• Will you decrypt and re-encrypt, or will you just add a newer layer of encryption on top of it?
  • How will you store the metadata about what algorithm has been used?
  • How will the certificates and keys be stored? If you are using TLS are you supporting perfect forward secrecy?

Your adversaries have a seemingly easy task. All a current (or a future adversary) must do is find an unpatched system or one exposed vulnerability, while the defenders need to protect from all and every possible threat, even those that are not yet known!

Staying in place in the security race will render your organization vulnerable. If you are in an acceptable shape today, a year from now you are not.

What can an organization do to tackle these challenges, to identify weaknesses and highlight areas for investment to actively protect the business? How can it be measured?

The immune system of your organization

Imagine it is that time of the year, when the weather is getting dark and cold and to prevent getting sick you start wearing a coat, scarf, some nice warm pants, and comfy shoes. A nice woolen hat and some gloves will help to keep your warm in those cold and dark winter days.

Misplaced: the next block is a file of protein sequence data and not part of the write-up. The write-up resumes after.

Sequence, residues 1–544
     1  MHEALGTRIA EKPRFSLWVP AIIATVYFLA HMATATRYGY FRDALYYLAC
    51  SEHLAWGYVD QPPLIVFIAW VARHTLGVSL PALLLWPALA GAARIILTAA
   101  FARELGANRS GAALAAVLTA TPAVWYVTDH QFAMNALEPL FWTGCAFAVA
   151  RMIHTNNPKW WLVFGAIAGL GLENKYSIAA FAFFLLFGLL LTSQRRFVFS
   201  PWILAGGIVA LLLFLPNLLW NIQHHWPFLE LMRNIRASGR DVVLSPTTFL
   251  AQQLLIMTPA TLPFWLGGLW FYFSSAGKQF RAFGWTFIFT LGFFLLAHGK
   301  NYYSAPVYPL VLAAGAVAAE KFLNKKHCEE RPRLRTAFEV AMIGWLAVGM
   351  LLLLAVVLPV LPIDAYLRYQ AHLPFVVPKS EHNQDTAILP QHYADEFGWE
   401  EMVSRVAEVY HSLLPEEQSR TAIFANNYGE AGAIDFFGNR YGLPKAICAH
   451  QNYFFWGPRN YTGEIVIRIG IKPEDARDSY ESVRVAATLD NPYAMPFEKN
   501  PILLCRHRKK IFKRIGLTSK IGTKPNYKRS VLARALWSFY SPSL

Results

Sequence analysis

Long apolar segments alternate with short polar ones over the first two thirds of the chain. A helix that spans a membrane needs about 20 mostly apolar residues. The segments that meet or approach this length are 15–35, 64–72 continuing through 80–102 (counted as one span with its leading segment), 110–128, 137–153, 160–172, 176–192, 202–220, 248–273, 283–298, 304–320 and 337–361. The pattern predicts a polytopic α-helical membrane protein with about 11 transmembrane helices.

In case it gets extremely cold we put on additional measures like a face mask and wear additional base layers to help our body store heat.


These are all great preventive measures to help protect our body from external threats. Besides clothes you likely also enjoy some hot chocolate, or some refreshing and activating tea to warm up. Having a healthy diverse diet with lots of vitamins helps also.

People get vaccinated to ensure active protection against possibly falling sick during times of elevated threat conditions. Additionally, people cover their coughs (and wear masks - as we all did the last 12 months).

These measures are taken to support our immune system to keep us and our communities healthy. In the end though, we still might get sick and, in that case, our immune system will take additional measures and concerted and concentrated efforts to ensure a speedy recover.